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Welcome to the Isle Education Trust website. We hope that this site provides you with all the information you require regarding our Trust and that you will get a sense of the organisation we are and aspire to be. If you are interested in finding out more about Isle Education Trust please contact us.

  • South Axholme
  • Coritani
  • Epworth Primary

 

Art and Design

Key Stage 3

Students in Year seven cover various techniques and skills including drawing, painting, mixed media, 3d and printmaking and research and study the work of artists.

Work is based on different themes, these look at colour, portraits and the wider world. Independent learning activities and class work are assessed continually throughout the term and there is one major piece at the end of each term.

Year eight students are able to opt into Art and Design and have two lessons per week. Areas of study are based upon GCSE style questions and themes in preparation for the option process which begins in Year nine. Key areas studied include perspective drawing, collage, mixed media and the themes include Journeys, Pop Art, and the natural world along with the work of Rousseau. Work is continually assessed throughout the term and students are expected to produce at least one major piece of work for formal assessment at the end of each term.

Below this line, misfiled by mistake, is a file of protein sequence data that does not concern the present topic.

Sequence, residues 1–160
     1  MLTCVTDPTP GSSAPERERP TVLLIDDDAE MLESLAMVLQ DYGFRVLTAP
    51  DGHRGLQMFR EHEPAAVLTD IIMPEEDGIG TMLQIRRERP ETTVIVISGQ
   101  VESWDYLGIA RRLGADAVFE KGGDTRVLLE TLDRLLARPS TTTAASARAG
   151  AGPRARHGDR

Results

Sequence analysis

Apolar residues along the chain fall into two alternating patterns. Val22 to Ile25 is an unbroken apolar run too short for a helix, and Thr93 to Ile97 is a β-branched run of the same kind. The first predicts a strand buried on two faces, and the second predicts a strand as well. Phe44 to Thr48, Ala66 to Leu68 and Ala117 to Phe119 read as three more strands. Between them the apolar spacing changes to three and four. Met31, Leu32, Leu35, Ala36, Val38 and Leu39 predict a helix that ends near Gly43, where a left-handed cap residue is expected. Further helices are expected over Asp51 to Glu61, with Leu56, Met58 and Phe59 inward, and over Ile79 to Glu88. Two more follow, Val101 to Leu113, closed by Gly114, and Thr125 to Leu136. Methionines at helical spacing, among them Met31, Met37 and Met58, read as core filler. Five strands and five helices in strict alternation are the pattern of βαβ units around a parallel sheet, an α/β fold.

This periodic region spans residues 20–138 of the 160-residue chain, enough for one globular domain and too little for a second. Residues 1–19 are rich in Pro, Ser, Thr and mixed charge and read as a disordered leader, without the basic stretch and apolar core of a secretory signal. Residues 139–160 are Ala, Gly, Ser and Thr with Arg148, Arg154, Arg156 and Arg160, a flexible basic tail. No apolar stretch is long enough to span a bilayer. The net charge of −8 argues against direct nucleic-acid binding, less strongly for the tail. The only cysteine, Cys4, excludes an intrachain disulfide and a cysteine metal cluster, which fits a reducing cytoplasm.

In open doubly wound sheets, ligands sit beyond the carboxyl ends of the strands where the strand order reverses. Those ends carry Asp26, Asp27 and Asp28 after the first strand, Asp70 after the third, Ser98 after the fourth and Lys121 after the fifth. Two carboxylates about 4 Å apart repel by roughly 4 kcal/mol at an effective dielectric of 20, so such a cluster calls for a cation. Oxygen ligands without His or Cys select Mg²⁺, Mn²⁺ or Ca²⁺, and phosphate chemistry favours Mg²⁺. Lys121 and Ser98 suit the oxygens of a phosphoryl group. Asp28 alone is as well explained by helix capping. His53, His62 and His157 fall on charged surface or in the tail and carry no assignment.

GCSE Art, Craft and Design

Students receive one double and one single lesson per week and follow the AQA Art, Craft and Design course. Each of the four assessment objectives are equally weighted to obtain the final mark for all their coursework (unit 1) and their externally set task preparatory study and ten hour unaided focussed study (unit 2)

Students over the three years of the course produce a portfolio of artwork showing a full range of experiences from drawings, photographs, mixed media, printmaking, textiles, 3d and the study of various artists.

The assessment of unit 1 is continuous and students have regular feedback regarding the four areas of assessment and are given guidance to improve their portfolio.

The portfolio (unit 1) is worth 60% of the final level and the externally set task is worth 40%. The art work is assessed by staff and then a visiting moderator will view the sample selected and check that marking is in line with AQA standards.

The course would lead students to further study for example ‘A’ Level or onto courses or employment that require practical skills and artistic vision.

Business

Cambridge National Certificate in Enterprise and Marketing.

Level 1 and 2 for students aged 14-16, equivalent to a GCSE